Katy Perry prevented from buying California convent for $14.5m after nuns sell to local businesswoman instead

No grace of God for Katy Perry as sisters act to stop her buying convent

Archdiocese sues nuns who turned down star’s $14.5m because they don’t approve of her
Ajmer: The ancient Indian metropolis chosen to be a 'smart city' where residents would just be happy to have power and running water

Residents just want water and power in a city chosen to be a ‘smart’ metropolis

The Indian Government has launched an ambitious plan to transform 100 of its crumbling cities
Michael Fassbender in 'Macbeth': The Scottish play on film, from Welles to Cheggers

Something wicked?

Films of Macbeth don’t always end well - just ask Orson Welles... and Keith Chegwin
10 best sun creams for body

10 best sun creams for body

Make sure you’re protected from head to toe in the heatwave
Wimbledon 2015: Nick Bollettieri - Milos Raonic has ability to get to the top but he must learn to handle pressure in big games

Nick Bollettieri's Wimbledon files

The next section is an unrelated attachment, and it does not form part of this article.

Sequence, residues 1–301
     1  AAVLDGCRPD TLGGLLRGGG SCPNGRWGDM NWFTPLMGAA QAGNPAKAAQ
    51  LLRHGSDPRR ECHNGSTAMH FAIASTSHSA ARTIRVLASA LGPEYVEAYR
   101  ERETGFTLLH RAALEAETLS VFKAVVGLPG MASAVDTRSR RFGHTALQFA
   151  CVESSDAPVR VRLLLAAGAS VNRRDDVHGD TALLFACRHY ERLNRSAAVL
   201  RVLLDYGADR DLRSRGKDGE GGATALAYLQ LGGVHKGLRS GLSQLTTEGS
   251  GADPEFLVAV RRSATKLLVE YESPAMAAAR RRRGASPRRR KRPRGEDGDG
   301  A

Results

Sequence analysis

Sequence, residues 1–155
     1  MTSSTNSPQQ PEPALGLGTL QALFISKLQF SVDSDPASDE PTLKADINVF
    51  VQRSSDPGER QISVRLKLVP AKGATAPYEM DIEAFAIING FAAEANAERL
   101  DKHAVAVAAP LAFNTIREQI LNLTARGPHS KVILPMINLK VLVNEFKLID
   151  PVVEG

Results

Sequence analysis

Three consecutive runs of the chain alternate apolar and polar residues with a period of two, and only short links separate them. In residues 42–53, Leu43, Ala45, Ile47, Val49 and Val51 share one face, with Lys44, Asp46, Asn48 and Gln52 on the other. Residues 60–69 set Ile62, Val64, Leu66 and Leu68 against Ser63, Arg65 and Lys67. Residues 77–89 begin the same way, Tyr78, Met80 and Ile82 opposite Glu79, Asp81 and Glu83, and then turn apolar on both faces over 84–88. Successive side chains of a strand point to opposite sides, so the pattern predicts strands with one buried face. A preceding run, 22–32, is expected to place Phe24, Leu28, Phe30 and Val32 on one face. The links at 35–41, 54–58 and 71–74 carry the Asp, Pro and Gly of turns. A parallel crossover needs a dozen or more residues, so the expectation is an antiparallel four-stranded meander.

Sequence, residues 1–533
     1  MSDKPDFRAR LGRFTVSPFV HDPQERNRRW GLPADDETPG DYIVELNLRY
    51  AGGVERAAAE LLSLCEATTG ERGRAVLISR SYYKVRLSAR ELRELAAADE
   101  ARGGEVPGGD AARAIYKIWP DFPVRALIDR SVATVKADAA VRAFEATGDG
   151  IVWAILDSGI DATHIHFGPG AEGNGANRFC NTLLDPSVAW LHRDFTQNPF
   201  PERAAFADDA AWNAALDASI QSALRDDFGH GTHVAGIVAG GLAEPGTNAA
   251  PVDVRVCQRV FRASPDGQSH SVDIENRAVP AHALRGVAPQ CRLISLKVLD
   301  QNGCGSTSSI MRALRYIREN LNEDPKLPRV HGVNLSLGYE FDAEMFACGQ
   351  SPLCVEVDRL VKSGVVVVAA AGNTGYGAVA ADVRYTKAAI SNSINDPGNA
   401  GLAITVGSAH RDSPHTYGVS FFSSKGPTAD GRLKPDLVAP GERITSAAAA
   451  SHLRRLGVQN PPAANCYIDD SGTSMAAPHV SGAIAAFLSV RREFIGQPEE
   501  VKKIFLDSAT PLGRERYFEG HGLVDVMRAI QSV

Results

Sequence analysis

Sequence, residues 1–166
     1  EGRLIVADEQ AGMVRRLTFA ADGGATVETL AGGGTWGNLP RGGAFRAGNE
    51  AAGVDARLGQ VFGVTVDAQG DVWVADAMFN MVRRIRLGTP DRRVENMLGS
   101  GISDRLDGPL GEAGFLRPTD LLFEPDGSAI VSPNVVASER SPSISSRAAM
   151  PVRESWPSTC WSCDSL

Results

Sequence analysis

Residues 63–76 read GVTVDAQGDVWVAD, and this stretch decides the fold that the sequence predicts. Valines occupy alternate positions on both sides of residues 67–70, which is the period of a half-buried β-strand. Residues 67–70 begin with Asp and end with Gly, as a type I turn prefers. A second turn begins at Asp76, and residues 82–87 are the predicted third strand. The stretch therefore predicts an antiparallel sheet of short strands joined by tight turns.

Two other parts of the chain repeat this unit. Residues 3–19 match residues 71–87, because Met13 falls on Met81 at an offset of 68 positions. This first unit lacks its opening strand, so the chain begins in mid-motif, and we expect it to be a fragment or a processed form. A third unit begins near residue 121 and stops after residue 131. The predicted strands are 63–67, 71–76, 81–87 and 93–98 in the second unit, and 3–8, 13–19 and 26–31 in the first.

Milos Raonic has ability to get to the top but he must learn to handle pressure in big games
Women's World Cup 2015: How England's semi-final success could do wonders for both sexes

There is more than a shiny trophy to be won by England’s World Cup women

The success of the decidedly non-famous females wearing the Three Lions could do wonders for a ‘man’s game’ riddled with cynicism and greed
How to stop an asteroid hitting Earth: Would people co-operate to face down a global peril?

How to stop an asteroid hitting Earth

Would people cooperate to face a global peril?
Just one day to find €1.6bn: Greece edges nearer euro exit

One day to find €1.6bn

Greece is edging inexorably towards an exit from the euro
New 'Iron Man' augmented reality technology could help surgeons and firefighters, say scientists

'Iron Man' augmented reality technology could become reality

Holographic projections would provide extra information on objects in a person's visual field in real time
Sugary drinks 'are killing 184,000 adults around the world every year'

Sugary drinks are killing 184,000 adults around the world every year

The drinks that should be eliminated from people's diets
Pride of Place: Historians map out untold LGBT histories of locations throughout UK

Historians map out untold LGBT histories

Public are being asked to help improve the map